Why do we watch the NFL Draft?

Al Bello

Record ratings mean that the league will pat itself on the back and keep pushing until the bubble bursts.

SB Nation 2014 NFL Draft

"Pete Rozelle should win a Tony award, an Emmy award and an Oscar award for creating the most overrated, over-propagandized annual event in American sport."

That might be my favorite Howard Cosell quote of all time. He was halfway kidding about the Tony Award, but we did have three days of "breaking news" reports from the NFL and ESPN mouthpieces that the draftees would now ... for the first. time. ever. get to choose their own walk-up music.

The draft has gotten to be such an event that this was an honest-to-God news story. Which songs will players draft when they get drafted? Who's on Johnny Manziel's big board if Clowney takes Drake? The fact that the draft was pushed back into May only served to make the tiniest story into another part of the build-up.

The numbers justify it. The draft pulled a 6.8 overnight rating on ESPN and a 1.7 on the NFL Network. To put that into perspective, the total number of viewers for the DRAFT is just about equal to the 8.6 average number of viewers for a MONDAY NIGHT FOOTBALL GAME. This huge affirmation from their fans will serve nicely to drown out any echoes of reasonable doubt the league just went through with the colossal bust of the Draft Day movie.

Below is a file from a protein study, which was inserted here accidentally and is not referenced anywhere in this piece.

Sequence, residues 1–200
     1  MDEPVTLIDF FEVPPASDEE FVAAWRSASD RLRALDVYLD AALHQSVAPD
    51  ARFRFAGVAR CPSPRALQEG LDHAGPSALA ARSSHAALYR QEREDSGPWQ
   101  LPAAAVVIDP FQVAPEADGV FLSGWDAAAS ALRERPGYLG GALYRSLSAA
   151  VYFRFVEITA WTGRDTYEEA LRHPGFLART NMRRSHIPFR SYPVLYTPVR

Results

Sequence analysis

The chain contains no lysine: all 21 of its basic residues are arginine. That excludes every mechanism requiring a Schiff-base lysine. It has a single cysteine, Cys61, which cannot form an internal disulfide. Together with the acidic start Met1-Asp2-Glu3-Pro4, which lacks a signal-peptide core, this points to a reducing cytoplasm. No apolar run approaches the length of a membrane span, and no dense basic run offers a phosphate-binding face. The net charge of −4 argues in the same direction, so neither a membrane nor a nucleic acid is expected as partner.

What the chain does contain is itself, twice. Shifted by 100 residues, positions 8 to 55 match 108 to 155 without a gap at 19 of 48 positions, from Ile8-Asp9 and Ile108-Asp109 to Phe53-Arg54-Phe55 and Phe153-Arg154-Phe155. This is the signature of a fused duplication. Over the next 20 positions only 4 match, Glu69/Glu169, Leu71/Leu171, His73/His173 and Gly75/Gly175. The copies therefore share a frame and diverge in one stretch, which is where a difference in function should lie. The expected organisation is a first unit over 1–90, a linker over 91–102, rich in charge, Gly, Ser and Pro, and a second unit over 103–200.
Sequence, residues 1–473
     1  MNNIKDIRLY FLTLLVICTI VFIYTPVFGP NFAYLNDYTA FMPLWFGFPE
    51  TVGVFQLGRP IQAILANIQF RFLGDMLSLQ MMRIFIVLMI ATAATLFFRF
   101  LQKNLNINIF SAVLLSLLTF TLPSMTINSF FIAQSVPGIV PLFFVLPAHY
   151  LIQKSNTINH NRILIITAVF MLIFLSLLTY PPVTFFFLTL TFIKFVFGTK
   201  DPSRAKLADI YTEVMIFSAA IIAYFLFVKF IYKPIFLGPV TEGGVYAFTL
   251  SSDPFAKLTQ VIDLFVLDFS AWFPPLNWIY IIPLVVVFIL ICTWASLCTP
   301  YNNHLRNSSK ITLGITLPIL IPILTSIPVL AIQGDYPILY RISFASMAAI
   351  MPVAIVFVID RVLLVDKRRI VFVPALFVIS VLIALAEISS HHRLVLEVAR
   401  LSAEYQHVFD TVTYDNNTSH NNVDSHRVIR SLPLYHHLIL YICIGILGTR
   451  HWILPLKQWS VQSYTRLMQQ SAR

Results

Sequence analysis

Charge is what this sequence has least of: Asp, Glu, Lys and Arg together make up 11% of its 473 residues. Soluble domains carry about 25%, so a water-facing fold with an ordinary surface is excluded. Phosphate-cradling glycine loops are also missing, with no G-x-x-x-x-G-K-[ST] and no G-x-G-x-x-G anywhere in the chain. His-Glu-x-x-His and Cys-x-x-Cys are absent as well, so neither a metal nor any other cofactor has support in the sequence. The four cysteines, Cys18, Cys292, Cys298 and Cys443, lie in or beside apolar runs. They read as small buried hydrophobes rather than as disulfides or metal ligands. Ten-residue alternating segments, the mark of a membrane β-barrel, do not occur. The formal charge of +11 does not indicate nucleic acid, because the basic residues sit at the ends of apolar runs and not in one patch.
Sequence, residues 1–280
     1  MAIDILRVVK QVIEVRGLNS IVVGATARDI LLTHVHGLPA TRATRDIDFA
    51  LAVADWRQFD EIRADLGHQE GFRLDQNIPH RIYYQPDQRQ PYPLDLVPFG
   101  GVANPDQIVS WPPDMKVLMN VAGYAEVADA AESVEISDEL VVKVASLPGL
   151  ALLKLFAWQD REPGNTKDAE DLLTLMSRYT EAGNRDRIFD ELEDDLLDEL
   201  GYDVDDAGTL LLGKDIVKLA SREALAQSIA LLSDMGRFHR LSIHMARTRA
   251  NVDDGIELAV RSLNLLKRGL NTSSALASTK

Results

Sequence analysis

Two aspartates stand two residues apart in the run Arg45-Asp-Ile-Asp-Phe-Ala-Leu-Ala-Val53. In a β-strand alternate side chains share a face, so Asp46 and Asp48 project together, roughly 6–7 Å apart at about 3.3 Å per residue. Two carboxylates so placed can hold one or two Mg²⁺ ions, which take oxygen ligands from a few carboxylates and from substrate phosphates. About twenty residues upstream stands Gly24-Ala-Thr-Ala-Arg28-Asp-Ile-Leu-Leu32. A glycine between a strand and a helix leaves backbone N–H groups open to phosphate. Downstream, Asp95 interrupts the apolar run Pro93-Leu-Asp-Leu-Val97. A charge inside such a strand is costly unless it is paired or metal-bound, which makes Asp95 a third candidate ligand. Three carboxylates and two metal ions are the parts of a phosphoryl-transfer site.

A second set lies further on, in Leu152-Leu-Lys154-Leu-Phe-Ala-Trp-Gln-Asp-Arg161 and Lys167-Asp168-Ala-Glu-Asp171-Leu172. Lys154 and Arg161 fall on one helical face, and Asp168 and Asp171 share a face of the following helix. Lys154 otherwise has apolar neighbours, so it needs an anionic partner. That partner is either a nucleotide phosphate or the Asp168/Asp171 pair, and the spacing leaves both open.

Of course, the NFL will point to a 48 percent year-over-year ratings increase as proof that pushing the draft back to May was a savvy business move, ignoring the fact that if Clowney, Watkins, and Manziel had all gone in the top 10, people would have tuned out just as quickly as they tuned in, and the NFL could be licking its wounds instead of pounding its chest.

A good test to see if you're spending your television time wisely is to imagine describing an event that you're watching to a guy who's on vacation from a different country. If you start to get embarrassed while you're explaining the show, then maybe it's time to start asking yourself why you watch it in the first place. Whether its the NFL Draft or Man vs. Food, your conscious has a way of sneaking up on you as you open up to others.

I heard Colin Cowherd say the other day (sorry) that we watch the Draft for the same reason people voted for Obama: Hope. Beneath that is the subtext that we as a nation are turning more and more to sports as our primary source of hope, something we've known for a while. But to place all of this hope into such a misguided venture as the NFL Draft is foolhardy. It's been well documented that the draft is a complete and total crapshoot when it comes to selecting talent. SB Nation's own Jon Bois demonstrated how randomized draft success is when he set up a completely random algorithm that would consistently out-draft Matt Millen.

I wrote back in December that the NFL was dealing with an Anchorman 2 problem of over-saturation, and for the first time that I can recall, it seemed like that sense was universally palpable. If there's one thing worse than the NFL's marketing machine, it's the NFL's marketing machine with a quantifiable victory to point to. I fully expect the NFL Draft to be presented as an even bigger event over the coming years. It's unlikely that we'll see a return to the April event until the league finally hits the perfect storm of a relatively boring big board like 2013 and a mid-May draft day. There's even talk of moving it from city to city, the world's shittiest traveling circus soon to feature performances by Pitbull and Imagine Dragons.

Now, if you'll excuse me I have to start prepping PPR rankings for fantasy season.

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